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Park City Council may extend Park Silly Sunday Market contract one more year

Historic Park City Alliance
There are mixed feelings about the future of Park Silly Sunday Market, which takes over Main Street 14 days every summer.

An extension for a year would provide time for the city and organizers to craft a longer term contract that would start in 2024.

The Park City Council talked about the future of the Park Silly Sunday Market Thursday. The council expressed support for the event, but said major changes may be necessary.

A majority of the council said they could get behind extending the market’s current contract by one year, but next summer it would only be held 11 Sundays instead of the usual 14.

An extension for a year would provide time for the city and organizers to craft a longer term contract that would start in 2024.

Councilmembers were clear that a future contract may look very different. That could mean a new location, different hours or day of the week, or less frequency.

That’s because many businesses on Main Street, where Park Silly takes place, oppose the market because they say it hurts business by driving customers away from brick-and-mortar stores.

Councilmember Tana Toly owns and operates Red Banjo Pizza on Main, and told KPCW she determines that by comparing revenue in months the market doesn’t take place.

A survey of Historic Park City Alliance (HPCA) members, which includes Old Town business owners, showed the majority have had enough of Park Silly.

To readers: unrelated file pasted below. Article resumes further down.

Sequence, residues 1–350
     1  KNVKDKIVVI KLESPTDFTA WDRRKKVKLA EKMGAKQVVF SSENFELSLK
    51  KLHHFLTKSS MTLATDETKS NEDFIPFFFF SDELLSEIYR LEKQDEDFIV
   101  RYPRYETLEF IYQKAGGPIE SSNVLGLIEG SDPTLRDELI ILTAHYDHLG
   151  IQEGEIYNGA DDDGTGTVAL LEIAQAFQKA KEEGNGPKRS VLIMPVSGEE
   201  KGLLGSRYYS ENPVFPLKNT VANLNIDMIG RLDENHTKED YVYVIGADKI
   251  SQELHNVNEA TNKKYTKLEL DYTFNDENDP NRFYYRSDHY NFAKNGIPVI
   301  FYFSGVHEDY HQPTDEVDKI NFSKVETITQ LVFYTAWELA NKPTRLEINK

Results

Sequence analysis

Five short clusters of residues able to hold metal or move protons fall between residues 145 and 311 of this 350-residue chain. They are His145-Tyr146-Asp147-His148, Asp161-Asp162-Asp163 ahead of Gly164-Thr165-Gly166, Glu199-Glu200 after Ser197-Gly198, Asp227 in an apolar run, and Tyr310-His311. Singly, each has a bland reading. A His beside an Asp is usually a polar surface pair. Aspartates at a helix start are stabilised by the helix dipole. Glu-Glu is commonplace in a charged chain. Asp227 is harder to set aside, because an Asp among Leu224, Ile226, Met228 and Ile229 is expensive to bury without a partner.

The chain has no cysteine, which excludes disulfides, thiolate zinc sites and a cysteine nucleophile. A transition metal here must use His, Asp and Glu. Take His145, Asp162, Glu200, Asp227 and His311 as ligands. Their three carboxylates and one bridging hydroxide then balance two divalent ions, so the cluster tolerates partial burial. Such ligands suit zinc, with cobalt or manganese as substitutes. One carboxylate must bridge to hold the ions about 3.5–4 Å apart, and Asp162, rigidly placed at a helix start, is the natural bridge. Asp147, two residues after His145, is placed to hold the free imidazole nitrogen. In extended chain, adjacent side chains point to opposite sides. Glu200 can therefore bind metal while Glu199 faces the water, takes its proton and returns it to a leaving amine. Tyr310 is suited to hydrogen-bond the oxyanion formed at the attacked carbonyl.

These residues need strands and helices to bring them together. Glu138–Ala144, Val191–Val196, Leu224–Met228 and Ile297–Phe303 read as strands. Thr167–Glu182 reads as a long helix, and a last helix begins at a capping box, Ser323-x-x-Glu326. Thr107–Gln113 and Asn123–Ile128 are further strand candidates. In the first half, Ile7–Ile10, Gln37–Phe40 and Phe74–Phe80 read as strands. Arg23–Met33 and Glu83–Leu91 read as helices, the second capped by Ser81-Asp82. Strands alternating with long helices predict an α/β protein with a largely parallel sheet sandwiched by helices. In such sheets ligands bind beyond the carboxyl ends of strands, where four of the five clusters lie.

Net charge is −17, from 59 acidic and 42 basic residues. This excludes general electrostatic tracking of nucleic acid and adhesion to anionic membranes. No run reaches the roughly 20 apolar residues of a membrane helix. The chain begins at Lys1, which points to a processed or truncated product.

Councilmember Becca Gerber called that survey the most definitive information she’s seen on the subject. But she added that it was hard to balance that with the fact that most residents want the market to continue as is, according to a city survey.

Councilmember Ryan Dickey called it one of the toughest decisions in his tenure so far.

Dickey said if the history and context of the event was removed, and the council looked solely at sentiment in the community, "I don’t think that’s an event that we’d ever consider approving.”

Parkite Graham Reynolds started his own business selling jewelry at the market more than 10 years ago. Reynolds said that ignited a spark in him that has since led to a successful career in design, working with companies like Michael Kors and Crate and Barrel.

"That was really my first step into the design world," Reynolds said.

"Over the years continued to develop into more techniques and grow into more professional jewelry. For us, it was the perfect space to be able to showcase our work and grow as entrepreneurs, but also as designers and artists.”

Several other vendors spoke highly of the event, and said it was a massive economic benefit for them.

The council didn’t take action Thursday night.

The council will revisit the subject in December and expects to hear a more nuanced proposal from market organizers that addresses concerns.